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Marguerite Poland


Chapter 2:
Questions to challenge you!

Keith Tankard
Updated: 4 March 2014
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Two issues in particular should concern the reader:

  • Victor and his relationship with Frances;
  • and the tentative but growing friendship between Walter and Frances.


The Victorian Age -- named after Queen Victoria who ruled the British Empire for 63 years (1837-1901) -- was marked by a deeply conservative morality.

Indeed, it was a morality which covered every facet of society from sexual mores to codes of dress.

The Victorians were essentially middle class English, caught up in a very strict religion. They were wealthy but believed their wealth came as a blessing from God.

But what God gives, God can also take away. If that were to happen, the Victorians believed they would be plunged back into abject poverty.

To avoid such a catastrophe, the Victorians followed a puritan way of life. Anything that brought sin upon their heads was to be avoided.

The ultimate sin lay in unbridled sexuality. Avoidance of all temptation therefore lay at the forefront of their morality.

For the Victorians, the purpose of marriage was primarily for the bearing of children and to prevent husbands from burning up with sexual desire. Sex for the wife was therefore a duty and was not meant to be pleasurable.

Sex was, however, something that was strictly to be confined to marriage. Sexual rules were therefore simple: there could be no sex until after marriage. Even kissing was considered dangerous.

A woman who lost her virginity outside of marriage was regarded as "fallen" and therefore a harlot. Indeed, few men would seek a marital alliance with such a person.

Since middle class Victorian women were not expected to work, a good marriage was essential. A "fallen" woman, however, had little marital prospects and was therefore doomed to a life of poverty.

On the other hand, couples did engage in sex outside of marriage but, if they were found out -- usually by an unexpected pregnancy -- it was expected that they would immediately marry.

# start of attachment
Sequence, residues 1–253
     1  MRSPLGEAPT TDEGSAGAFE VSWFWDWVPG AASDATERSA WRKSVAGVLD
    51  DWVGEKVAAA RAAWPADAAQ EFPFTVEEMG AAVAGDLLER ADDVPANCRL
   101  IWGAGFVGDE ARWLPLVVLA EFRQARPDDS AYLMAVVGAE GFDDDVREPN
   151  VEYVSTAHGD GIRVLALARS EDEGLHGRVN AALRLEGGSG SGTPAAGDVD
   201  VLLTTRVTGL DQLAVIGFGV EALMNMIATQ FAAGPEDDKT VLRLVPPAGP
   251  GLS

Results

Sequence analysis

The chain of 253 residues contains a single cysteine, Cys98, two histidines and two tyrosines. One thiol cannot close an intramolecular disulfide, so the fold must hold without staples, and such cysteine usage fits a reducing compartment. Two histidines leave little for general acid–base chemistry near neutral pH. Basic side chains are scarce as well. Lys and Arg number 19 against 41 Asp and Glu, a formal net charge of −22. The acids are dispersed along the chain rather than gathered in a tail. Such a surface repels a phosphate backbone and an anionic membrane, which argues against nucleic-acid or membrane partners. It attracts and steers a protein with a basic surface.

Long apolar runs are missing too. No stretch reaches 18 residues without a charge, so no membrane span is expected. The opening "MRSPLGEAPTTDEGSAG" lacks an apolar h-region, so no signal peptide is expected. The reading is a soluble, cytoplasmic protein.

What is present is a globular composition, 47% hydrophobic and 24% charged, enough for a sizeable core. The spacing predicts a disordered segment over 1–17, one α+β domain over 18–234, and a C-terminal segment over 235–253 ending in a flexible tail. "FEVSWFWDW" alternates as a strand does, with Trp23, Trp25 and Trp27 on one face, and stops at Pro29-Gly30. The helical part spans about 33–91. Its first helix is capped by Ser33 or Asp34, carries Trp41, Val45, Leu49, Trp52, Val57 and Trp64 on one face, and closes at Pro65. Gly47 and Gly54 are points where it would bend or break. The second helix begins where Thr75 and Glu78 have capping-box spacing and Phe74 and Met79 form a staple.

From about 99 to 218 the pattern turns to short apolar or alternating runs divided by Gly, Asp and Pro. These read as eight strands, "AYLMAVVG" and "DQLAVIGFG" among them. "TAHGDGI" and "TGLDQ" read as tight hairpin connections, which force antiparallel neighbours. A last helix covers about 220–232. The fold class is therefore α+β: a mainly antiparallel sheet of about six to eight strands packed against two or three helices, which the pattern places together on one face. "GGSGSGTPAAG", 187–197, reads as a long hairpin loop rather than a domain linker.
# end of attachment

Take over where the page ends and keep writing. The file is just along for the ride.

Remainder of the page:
Indeed, not to marry would bring humiliation to the whole family. Should a father even suspect that a prospective marital partner was having sex with his daughter, he was justified in forcing the young man into marriage.

The Victorians were also noted for their strict dress codes. Men always wore long pants, polished shoes, jacket, tie and hat on almost all occasions.

Women ensured that almost every part of their bodies was covered: long-sleeved dresses with the lace overlapping the wrist, high collars and wide skirts which reached to the ankles.

Corsets were popular as a means of keeping the waistline narrow. The bra, however, was only invented in the 1930s.

Men were never to be seen nude or semi-nude in front of a woman. Women were in fact expected to avert their eyes even if the man was merely without his shirt.

Women were certainly never to be seen nude or semi-nude in front of a man, even if that man was her husband.

Sex within marriage therefore happened in the dark and usually fully dressed in night-clothes. The woman's night-dress might be rolled up but not removed!

When it came to sea-bathing, separate areas were designated for men and for women. Women were often taken out into the breakers on board bathing booths on wheels, so that the men would not even see them alighting into the water.

Even so, the ankle length skirts of their bathing costumes were weighed down with lead pellets lest the skirt float and reveal even so much as the woman's legs under the water.

Have you looked at the questions
in the right column?
Read the left column and then answer
the following questions:


"The ultimate purpose of the war game was for Victor to get Frances beside him on his horse, and ultimately to kiss her."
  • Comment carefully on this statement and on Victor's relish for playing the "war game". (6)

[Need help?]

Did Victor deserve the thrashing he received for locking Sonwabo Pumani in the vestry cupboard? (4)

[Need help?]


"Had he listened he might have heard Plotz laughing at his back, relishing his folly."
  • Who was Mr Plotz? Why would he be laughing behind Walter's back? (6)

[Need help?]

  • What role does Mr Plotz play in fostering the growing relationship between Walter and Frances? (4)

[Need help?]


Are Victor and Frances in any way related? Explain. (4)

[Need help?]

Why does Frances appear to be emotionally attached to Victor? (4)

[Need help?]


Walter invented the character of Mrs Brodowski.
  • What was the purpose of this invention? In what way did Frances quickly begin to imitate this fictitious character? (5)

[Need help?]

In what way was Walter's friendship more beneficial to Frances than Victor's friendship with her? (5)

[Need help?]


"A strange, transplanted monument to England, an imposter in the wild stretch of veld."
  • Why does Walter refer to St Matthias Mission in these terms? (4)

[Need help?]

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